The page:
The hon. Gentleman is a practical farmer, who, quite apart from his Governmental capacity, has given great service to farming. He knows that this Commission is to take over the role of the agricultural executive committee for this very huge area. Would he suggest to his professional brethren in Perthshire or Stirlingshire that there should be an agricultural executive committee which had in its membership not one man having practical knowledge and experience of the industry? Of course he would not. He would not dare. Yes, despite arguments which were not seriously contested in Committee, he now says " I cannot do this." Why? Because he considered the difficulties of the Commission? Not at all. It is because he is concerned about the difficulties of a Secretary of State. That is certainly the wrong approach.
I do not want to be ungracious. The Joint Under-Secretary was anxious to meet us and brought an intimate knowledge of the situation to the Committee's service. I do not want to appear ungrateful. But now, not having seriously contested that aspect of the argument in Committee, the Government say, " We are sorry; we cannot do anything about it." It really is a disappointing reply and one that may seriously embarrass the Commission. The Commission cannot be thought to be best endowed for its work if it is without a man having practical experience of this localised, complex and highly peculiar industry.
Moreover, if there is not such a person necessarily and statutorily on the Commission, it will in some degree forfeit the confidence of the people to whom it must immediately appeal. It is all very well for the hon. Gentleman to say that it may turn out that such a person may be on the Commission. The crofters will not be looking at this in terms of what a benevolent Secretary of State may do for them. They will expect their reasonable demands to be met. In this case, those demands will not be met.
In Committee, we made three points—I think all of equal worth. I would not say that the Government's concession is the least important, but the point from which the Under-Secretary of State has run away—that of practical knowledge—is certainly the most important. Perhaps,
also, we were not quite right in using in our Amendment the words:
…a person who can speak the Gaelic language…
I think we could have found a more facile phrase. In conversation we talk of a Gaelic speaker. I hope that this phrase will not be taken by a lawyer to mean that because a man writes the language he is disqualified. " Gaelic speaker " would be a better phrase.
I plead with the hon. Gentleman to consider whether, in the light of arguments which were not contested from the other side except by one hon. Gentleman, he cannot find an opportunity in another place to put right this omission. There will otherwise undoubtedly be a great deal of criticism from the people who will come under the régime of the Commission.
I do not quite understand the adamant disappointment of the right hon. Gentleman the Member for Greenock (Mr. McNeil). I take it that it is to the omission of the word " practical " that he objects. Or does he object to all the members not having a knowledge of crofting?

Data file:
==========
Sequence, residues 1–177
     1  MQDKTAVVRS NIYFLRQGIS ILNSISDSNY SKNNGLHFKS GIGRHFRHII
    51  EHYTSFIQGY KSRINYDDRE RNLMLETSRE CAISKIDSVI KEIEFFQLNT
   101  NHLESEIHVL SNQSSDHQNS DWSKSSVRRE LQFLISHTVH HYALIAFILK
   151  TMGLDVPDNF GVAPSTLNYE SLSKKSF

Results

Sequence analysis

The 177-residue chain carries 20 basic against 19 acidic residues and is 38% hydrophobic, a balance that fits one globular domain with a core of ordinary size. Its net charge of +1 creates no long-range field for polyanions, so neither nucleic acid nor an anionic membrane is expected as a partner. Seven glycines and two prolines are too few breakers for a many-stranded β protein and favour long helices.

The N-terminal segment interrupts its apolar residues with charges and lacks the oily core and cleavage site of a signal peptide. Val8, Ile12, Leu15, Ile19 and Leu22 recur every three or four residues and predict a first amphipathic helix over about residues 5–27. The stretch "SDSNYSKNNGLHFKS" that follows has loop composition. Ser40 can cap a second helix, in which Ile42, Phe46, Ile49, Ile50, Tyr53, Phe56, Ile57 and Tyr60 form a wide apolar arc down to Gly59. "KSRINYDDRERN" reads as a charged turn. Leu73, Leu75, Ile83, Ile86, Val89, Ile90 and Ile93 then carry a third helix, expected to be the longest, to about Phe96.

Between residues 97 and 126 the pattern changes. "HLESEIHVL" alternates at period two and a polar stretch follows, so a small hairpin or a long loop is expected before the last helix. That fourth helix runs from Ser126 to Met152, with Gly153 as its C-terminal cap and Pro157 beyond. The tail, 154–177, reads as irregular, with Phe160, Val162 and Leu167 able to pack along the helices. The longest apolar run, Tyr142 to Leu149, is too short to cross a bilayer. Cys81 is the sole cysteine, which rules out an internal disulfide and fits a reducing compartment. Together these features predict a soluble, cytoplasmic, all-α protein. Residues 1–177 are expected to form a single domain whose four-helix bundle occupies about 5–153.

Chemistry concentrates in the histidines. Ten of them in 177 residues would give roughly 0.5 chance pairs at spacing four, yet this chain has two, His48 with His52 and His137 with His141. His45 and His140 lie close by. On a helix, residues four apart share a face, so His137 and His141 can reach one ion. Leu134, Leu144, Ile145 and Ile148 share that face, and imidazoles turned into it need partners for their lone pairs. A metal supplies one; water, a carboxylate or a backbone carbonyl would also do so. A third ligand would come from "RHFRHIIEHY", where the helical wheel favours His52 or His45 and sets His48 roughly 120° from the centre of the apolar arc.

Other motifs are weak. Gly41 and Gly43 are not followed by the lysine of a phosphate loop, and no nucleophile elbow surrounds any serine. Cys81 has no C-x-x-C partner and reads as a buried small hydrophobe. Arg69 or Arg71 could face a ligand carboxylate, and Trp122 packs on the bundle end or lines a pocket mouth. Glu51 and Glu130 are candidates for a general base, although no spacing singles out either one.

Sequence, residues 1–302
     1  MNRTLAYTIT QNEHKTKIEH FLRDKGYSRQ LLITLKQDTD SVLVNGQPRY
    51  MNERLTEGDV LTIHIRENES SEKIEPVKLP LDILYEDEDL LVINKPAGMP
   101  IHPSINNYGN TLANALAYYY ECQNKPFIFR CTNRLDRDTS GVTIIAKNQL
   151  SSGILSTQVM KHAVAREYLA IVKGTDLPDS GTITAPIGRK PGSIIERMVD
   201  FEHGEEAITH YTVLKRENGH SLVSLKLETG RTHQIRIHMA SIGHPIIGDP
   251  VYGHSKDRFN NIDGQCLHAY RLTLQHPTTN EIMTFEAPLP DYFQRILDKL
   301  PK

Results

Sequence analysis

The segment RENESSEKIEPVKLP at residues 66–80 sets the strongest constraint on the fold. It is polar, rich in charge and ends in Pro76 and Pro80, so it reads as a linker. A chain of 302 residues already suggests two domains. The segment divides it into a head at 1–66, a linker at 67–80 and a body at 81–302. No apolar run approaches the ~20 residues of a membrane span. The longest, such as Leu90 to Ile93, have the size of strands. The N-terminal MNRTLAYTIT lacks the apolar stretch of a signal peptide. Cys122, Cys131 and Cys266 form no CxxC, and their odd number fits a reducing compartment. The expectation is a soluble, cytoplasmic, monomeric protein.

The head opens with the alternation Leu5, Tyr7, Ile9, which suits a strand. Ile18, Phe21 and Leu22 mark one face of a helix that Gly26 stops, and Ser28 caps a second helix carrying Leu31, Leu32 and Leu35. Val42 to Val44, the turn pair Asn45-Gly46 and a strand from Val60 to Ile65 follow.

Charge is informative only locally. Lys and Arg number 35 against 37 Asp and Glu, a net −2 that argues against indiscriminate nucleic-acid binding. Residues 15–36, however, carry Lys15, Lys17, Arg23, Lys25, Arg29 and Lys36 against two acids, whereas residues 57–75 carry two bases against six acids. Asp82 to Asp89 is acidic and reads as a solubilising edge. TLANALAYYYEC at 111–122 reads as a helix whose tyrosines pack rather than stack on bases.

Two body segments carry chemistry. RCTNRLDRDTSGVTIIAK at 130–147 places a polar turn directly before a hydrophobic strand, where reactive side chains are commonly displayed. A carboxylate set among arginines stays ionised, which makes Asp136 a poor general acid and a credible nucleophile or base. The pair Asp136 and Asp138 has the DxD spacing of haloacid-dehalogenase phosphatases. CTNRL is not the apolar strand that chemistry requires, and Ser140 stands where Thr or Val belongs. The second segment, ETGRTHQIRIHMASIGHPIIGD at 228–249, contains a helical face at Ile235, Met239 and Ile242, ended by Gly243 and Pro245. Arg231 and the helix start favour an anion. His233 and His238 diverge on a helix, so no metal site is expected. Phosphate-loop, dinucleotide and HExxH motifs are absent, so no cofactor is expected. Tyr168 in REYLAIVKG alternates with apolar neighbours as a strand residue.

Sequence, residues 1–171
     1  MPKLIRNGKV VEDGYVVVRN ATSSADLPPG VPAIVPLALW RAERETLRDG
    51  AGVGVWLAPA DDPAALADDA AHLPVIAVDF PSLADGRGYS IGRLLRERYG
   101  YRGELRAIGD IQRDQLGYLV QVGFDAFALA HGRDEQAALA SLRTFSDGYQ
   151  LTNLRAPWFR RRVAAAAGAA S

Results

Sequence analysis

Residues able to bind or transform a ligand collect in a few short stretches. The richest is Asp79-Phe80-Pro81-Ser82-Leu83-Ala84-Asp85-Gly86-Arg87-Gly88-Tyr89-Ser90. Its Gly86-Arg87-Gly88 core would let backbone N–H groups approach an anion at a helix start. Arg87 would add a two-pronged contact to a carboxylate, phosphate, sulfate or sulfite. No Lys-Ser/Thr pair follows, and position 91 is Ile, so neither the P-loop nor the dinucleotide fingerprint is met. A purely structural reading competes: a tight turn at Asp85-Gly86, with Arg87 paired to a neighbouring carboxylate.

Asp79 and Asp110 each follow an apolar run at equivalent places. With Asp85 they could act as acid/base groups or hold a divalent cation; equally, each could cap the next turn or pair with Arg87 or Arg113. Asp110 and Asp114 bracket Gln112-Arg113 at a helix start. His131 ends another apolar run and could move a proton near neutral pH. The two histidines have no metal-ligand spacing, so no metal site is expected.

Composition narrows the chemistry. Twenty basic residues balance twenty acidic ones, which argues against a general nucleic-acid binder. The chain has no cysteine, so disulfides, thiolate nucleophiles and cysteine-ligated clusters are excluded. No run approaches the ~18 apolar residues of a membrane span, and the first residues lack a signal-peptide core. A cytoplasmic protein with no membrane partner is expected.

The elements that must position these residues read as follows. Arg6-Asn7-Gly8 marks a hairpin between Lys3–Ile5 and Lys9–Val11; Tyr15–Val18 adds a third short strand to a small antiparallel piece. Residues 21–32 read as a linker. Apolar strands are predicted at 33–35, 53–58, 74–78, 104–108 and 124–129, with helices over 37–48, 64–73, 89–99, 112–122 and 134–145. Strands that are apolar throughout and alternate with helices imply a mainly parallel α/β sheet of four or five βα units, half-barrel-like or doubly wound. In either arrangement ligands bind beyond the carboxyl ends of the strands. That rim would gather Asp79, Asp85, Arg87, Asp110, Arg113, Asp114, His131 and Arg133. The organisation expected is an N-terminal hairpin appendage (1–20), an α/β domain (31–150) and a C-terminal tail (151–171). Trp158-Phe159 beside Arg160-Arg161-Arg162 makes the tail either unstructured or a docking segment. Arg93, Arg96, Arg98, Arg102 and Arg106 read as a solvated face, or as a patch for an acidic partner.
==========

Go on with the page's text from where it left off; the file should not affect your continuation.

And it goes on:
No. We made three points. We did not press the point about a majority having a knowledge of crofting conditions. I think that our strongest argument was directed to the necessity of having a man from the field, as it were.
I agree with the right hon. Gentleman that there should be members with a practical knowledge of crofting, but I do not believe that in this case a majority is really vitally necessary.
The right hon. Gentleman mentioned agricultural executive committees, but the Crofters Commission will have powers far wider than the agricultural executive committees have ever had. It has many things to look into. For example, it can take over the powers of the landlord. I hope it was a slip on his part, but I am disappointed that the right hon. Gentleman did not acknowledge that both the hon. Member for Inverness (Mr. N. McLean) and I put down an Amendment that there should be a Gaelic speaker.
I want to acknowledge my appreciation, and that of all people in the crofting communities, of the fact that the Government have seen fit to put down this Amendment. It will certainly mean a great deal to the people in the areas concerned, and it will facilitate the Commission in its work.
I take it that it is clear that, after this Bill has passed into law, the members of the agricultural executive committees will lose their authority in enforcing good husbandry on crofts, and that that authority will pass to the Commission. If that is so, it is important that the same standard shall be enforced by the Commission as has hitherto been enforced by the agricultural executive committees. There are many districts where one holding is a croft and the next one is not a croft. One will be under the Commission and the other will not.
May I take it that the Commission will probably use the same officers as the agricultural executive committees do now, so that there will be people with a practical knowledge applying the same standards as are set out in the Fourth Schedule to crofts and to holdings which are not crofts?